How to manage your hospital policies 

Create a policy on policies 

Before you start writing up specific policies, first create an overarching policy and procedure document. This document will set the standards by which all future policies will be created and implemented, and it should include: 

  • How future policies will be drafted
  • Who will be involved in the process (and their responsibilities)
  • How the policy review process will work
  • Who has final approval 
Create a policy committee 

Your “policy on policies” should also designate a policy management committee, outlining specifically who will be responsible for overseeing the policy creation and approval process. Typically, policy committees are composed of individuals representing different departments in the organization, for example, compliance, HR, pharmacy, billing/coding, etc.

The organization should also clearly establish how often the committee will meet. Setting regular meetings helps healthcare organizations avoid falling into the trap of only creating policies in response to events—rather than being proactive and using policies to help prevent these events from occurring in the first place. 

Maintain and archive policies 

In addition to outlining which individuals participate in policy creation, your “policy on policy management” document should also clearly identify what happens to policies after they’re established. Who will own it (i.e., individual by role who will promote the policy and ensure it’s up to date)? Ideally, a dedicated policy management administrator will take ownership of the master policy and perhaps all policies enterprise wide. 

Absent such an administrator, it’s especially important to establish who will be responsible for keeping policies current. A challenge many organizations have is maintaining standardization enterprise wide, ensuring every policy is kept up to date, and retiring them as necessary. 

The policy and procedure document should also spell out how long policies should be maintained and in what form. Even if certain policies are not expected to change, the document should still establish regular intervals for the policy committee to meet and review them at appropriate intervals. 

When a policy must be retired or replaced, it’s important that your organization doesn’t just delete it and replace it with a new one. Maintaining old policies can help leaders and policy administrators track how a policy has evolved over time—and those old policies can be invaluable when it comes to legal issues that could potentially pop up down the road. 

Appoint a hospital policy administrator 

Due to the sheer volume of policies that exist across a typical health system, the job of maintaining them can be a difficult one. That’s why it’s a leading practice to appoint a hospital policy administrator to take ownership of shepherding policies through the approval/amendment processes: finalizing, distributing, and implementing new policies, coordinating policy reviews, and maintaining existing or archived policies. 

Typically, the ideal candidate for this role is someone from the administrative support side of the organization’s operations, such as quality, compliance, or administration, though there may also be appropriate candidates in the organization’s nursing department.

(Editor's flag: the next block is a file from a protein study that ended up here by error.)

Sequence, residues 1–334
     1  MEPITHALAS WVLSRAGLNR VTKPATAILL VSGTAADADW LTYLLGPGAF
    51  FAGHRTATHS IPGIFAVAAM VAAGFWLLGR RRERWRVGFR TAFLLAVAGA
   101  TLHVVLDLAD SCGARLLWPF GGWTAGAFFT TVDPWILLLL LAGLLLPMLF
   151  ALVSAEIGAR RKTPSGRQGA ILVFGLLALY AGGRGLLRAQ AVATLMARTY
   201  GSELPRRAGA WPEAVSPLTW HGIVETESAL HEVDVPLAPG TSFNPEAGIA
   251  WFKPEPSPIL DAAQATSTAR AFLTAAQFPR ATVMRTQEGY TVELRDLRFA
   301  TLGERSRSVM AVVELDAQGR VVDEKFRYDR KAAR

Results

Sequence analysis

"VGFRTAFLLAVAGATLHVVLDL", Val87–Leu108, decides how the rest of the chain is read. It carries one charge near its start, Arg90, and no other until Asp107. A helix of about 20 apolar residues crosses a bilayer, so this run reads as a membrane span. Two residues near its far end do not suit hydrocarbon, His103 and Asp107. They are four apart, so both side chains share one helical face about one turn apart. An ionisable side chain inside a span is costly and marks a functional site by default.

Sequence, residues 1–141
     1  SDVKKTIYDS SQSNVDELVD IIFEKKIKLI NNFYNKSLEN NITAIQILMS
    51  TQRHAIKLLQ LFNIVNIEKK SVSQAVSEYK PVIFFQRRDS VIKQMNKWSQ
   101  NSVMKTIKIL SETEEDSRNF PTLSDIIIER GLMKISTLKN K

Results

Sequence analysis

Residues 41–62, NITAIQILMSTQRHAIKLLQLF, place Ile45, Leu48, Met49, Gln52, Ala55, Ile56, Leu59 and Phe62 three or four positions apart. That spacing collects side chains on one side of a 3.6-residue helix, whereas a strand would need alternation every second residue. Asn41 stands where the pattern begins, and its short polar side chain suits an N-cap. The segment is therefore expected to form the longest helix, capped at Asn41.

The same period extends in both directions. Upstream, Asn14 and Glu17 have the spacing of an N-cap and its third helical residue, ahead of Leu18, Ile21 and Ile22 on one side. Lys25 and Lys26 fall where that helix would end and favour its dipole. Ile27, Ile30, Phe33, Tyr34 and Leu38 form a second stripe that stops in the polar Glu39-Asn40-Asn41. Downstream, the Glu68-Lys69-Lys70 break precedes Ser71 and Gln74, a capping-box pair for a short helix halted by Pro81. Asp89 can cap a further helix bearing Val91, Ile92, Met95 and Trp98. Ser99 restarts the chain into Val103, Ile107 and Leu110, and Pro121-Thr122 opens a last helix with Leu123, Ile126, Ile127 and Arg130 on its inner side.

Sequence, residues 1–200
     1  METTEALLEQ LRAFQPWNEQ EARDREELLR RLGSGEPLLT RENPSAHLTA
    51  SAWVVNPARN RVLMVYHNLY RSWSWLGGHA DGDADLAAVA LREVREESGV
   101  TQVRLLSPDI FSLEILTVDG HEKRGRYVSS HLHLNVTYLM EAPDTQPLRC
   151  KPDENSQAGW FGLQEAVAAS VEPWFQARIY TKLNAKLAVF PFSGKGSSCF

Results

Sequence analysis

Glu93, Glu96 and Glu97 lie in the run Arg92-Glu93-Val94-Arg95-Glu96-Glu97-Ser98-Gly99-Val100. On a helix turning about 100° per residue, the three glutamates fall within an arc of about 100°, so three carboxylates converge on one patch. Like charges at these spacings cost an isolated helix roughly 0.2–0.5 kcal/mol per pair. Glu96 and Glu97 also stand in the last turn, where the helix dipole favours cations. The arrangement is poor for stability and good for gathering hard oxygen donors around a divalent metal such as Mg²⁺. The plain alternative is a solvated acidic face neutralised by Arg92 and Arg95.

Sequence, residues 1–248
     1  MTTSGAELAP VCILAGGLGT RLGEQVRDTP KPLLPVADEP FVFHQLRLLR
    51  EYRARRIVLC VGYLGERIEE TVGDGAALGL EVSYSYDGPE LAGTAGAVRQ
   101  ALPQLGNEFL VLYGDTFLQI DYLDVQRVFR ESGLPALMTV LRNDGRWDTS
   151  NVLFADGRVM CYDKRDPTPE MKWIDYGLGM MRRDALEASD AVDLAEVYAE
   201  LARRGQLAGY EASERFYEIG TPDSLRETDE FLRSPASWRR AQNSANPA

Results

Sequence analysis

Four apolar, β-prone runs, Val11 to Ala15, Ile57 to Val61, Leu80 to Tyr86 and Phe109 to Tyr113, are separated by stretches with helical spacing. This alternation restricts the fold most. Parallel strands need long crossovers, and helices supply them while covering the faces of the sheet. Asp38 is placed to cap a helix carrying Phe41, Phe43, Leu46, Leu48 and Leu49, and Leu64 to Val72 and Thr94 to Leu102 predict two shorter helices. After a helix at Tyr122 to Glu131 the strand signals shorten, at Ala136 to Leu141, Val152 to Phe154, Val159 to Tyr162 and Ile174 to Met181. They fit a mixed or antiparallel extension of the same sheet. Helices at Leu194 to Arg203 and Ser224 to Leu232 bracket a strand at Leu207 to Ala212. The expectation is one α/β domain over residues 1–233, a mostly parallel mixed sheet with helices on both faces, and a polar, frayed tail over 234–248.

Control access and security 

A master policy document should also establish employees’ ability to access any given policy. symplr recommends that all employees should have access to the final, active version of all hospital or healthcare system policies. By making active policies accessible to all employees in symplr’s Document and Policy Management solution, for example, they have the ability to download and print them. For control and security organizations should, however, determine which individuals have rights to edit or delete a policy and/or access archived policies.

Finally, any policy updates should be reviewed, discussed, and signed off on by the committee before dissemination. Once implemented, secure them and control access. Once again, a hospital policy administrator can be the ideal single point of contact when it comes to accessing existing policies. 

How policy management software helps 

By now, the value and benefits of policy management should be clear. But where should your organization start? And what resources do you need to start building the policies necessary for smooth and efficient policy operations and compliance? 

For many hospitals and healthcare organizations, the challenge is often less about building the policies than it is about maintaining them through their life cycle. Policy management software simplifies this process by providing a holistic view of where your organization is right now, helps create a roadmap to where you need to be, and provides the analytics to ensure you’re on the right track.

A document and policy management solution can also assist with the challenges of managing the document review and approval processes, as well as ensure that when documents are due for review, the appropriate individuals are made aware so documents can stay current and up to date. Learn more about how symplr can help shore up your organization’s policy management.

Get In Touch  Listen to a recording of our recent webcast, Best Practices in Policy Management.